Seeks robust policies, operational guidelines
BY CHINYERE OBIORA, LAGOS – The Chartered Institute of Stockbrokers (CIS) has challenged the Central Bank of Nigeria (CBN) to formulate policies that will drive more liquidity into the hands of equity traders as part of measures to reduce the huge negative impact of coronavirus on the nation’s capital market.
The President of CIS, Olatunde Amolegbe said stability and growth of equity market will catalyze overall market rebound and economic growth.
“Given the importance of the capital market to Nigeria’s economic growth and development, especially in the areas of structural development and expansion of local industry, it is pertinent, more than ever before, for the federal government to give frontal support to the market, the Central Bank of Nigeria and banking system should at this time support the capital market through provision of trading liquidity”, Amolegbe said
He however, said to ensure stability and sustainable growth in the sector, the nation’s banks must be ready to offer significant concession to capital market operators, through margin facilities and other lines of credits for trading.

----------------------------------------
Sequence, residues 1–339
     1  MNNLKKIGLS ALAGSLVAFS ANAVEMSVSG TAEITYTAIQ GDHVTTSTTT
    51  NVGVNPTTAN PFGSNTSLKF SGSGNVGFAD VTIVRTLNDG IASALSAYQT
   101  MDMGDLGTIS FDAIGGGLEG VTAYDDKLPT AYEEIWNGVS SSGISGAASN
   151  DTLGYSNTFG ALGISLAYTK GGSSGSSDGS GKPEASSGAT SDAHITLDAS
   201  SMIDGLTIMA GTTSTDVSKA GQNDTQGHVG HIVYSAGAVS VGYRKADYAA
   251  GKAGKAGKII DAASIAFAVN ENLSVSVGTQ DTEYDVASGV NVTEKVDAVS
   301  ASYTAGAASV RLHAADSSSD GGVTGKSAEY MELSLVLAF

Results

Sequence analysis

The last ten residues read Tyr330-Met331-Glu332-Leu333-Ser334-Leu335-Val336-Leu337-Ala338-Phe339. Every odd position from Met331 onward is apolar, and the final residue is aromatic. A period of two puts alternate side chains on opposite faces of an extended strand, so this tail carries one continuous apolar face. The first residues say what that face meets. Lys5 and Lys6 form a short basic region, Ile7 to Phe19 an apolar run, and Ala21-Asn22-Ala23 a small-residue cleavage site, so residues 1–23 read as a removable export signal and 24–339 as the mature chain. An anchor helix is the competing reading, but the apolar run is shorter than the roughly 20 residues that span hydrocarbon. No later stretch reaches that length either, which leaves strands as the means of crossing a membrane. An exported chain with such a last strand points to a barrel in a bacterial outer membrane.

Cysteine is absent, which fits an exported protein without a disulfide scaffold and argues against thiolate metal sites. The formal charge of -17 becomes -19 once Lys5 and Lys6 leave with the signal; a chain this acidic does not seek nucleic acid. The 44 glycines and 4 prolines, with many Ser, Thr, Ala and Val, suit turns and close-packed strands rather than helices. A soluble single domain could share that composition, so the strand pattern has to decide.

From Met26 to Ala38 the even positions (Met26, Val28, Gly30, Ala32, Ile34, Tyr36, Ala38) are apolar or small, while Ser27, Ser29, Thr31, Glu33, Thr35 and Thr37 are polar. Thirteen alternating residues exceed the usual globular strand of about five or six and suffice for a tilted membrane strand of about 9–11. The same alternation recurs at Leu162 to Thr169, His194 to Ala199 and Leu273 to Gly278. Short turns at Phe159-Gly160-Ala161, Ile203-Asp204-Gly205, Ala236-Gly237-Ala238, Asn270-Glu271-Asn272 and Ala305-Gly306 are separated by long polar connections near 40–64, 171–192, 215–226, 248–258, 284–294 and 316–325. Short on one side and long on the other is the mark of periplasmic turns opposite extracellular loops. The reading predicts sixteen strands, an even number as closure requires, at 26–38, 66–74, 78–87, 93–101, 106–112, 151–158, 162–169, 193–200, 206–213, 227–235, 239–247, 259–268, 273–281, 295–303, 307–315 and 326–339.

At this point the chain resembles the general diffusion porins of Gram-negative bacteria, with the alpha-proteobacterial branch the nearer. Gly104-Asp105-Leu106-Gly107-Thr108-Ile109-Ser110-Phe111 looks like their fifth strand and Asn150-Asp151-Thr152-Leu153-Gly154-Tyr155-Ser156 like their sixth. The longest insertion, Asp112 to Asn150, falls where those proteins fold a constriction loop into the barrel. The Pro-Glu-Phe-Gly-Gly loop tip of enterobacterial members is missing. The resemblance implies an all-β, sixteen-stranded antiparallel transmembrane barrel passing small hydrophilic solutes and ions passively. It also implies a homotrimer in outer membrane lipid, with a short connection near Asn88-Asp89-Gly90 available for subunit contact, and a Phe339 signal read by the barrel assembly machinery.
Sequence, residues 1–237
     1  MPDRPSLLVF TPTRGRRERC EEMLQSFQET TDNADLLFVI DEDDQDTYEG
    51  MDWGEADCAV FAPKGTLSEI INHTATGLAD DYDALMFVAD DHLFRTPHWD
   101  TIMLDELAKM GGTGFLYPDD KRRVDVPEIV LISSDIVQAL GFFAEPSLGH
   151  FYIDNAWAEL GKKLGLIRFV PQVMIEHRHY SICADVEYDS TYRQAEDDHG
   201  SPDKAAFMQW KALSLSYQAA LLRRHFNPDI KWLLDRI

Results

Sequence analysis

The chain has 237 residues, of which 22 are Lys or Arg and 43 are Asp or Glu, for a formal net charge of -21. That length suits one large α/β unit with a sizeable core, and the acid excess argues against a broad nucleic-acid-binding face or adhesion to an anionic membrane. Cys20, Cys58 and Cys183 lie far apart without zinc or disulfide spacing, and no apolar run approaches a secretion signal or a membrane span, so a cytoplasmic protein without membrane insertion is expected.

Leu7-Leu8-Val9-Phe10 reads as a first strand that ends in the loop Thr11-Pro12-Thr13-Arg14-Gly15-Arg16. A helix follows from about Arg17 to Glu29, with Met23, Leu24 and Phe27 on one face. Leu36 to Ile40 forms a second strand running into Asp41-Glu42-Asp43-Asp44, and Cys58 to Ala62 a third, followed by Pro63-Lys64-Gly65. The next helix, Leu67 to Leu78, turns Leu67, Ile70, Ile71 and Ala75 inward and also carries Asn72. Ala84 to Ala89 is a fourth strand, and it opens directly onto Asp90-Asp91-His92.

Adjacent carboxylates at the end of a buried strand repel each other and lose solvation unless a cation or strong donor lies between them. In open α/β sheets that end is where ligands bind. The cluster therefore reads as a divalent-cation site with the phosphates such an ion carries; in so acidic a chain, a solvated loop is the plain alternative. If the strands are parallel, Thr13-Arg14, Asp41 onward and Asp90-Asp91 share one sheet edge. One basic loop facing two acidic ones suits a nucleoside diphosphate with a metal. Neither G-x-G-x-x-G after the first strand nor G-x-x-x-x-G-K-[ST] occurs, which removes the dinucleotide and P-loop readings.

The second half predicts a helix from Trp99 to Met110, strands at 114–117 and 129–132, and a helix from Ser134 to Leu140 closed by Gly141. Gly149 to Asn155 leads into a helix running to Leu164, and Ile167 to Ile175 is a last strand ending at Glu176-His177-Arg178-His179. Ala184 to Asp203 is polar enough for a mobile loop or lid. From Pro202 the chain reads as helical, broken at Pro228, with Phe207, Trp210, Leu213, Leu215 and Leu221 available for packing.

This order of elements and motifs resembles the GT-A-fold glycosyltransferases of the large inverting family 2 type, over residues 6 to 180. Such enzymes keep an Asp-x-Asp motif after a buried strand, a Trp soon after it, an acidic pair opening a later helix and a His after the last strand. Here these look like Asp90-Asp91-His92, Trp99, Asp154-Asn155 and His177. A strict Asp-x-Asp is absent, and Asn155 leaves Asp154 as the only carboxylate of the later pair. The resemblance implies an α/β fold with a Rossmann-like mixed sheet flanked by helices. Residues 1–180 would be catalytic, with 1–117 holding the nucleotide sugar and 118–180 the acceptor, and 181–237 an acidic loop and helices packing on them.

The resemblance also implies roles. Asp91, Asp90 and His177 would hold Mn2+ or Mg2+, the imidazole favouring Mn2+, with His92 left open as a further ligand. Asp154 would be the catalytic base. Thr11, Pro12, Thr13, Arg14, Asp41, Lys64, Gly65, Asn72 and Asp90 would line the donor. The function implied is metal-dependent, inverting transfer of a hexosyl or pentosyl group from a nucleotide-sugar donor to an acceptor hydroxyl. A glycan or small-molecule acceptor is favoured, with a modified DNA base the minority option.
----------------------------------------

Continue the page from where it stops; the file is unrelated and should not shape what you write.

Speaking during a virtual seminar on “mitigating the impact of COVID-19 on the Nigerian Capital Market”, Amolegbe said the policies and guidelines should also be strengthened towards restoring banking stocks to the marginal stock list.
He noted that the pandemic has reduced income prospects for capital market operators and purchasing power for investors and threaten capital market literacy drive as well as worsened funding challenges of CIS.
The CIS boss said the virus slowdown the key market growth initiatives such as demutualisation and review of various capital market related legislation by the National Assembly.
According to Amolegbe; “The Nigerian capital market was substantially challenged even before the coming of Covid 19 pandemic, the equity market which drives performance of the other market segments had been characterized by low investors patronage and low trading liquidity ever since the global financial crisis that hit Nigeria in 2008.
“The coronavirus has only worsened the situation, even as it also confirmed the market’s resilience enabled by the world class structures now in place.”
Amolegbe however stressed the need for capital market operators to, on their own part, keep pace with emerging technology and embrace the new order of business which is essentially defined by online remote operation.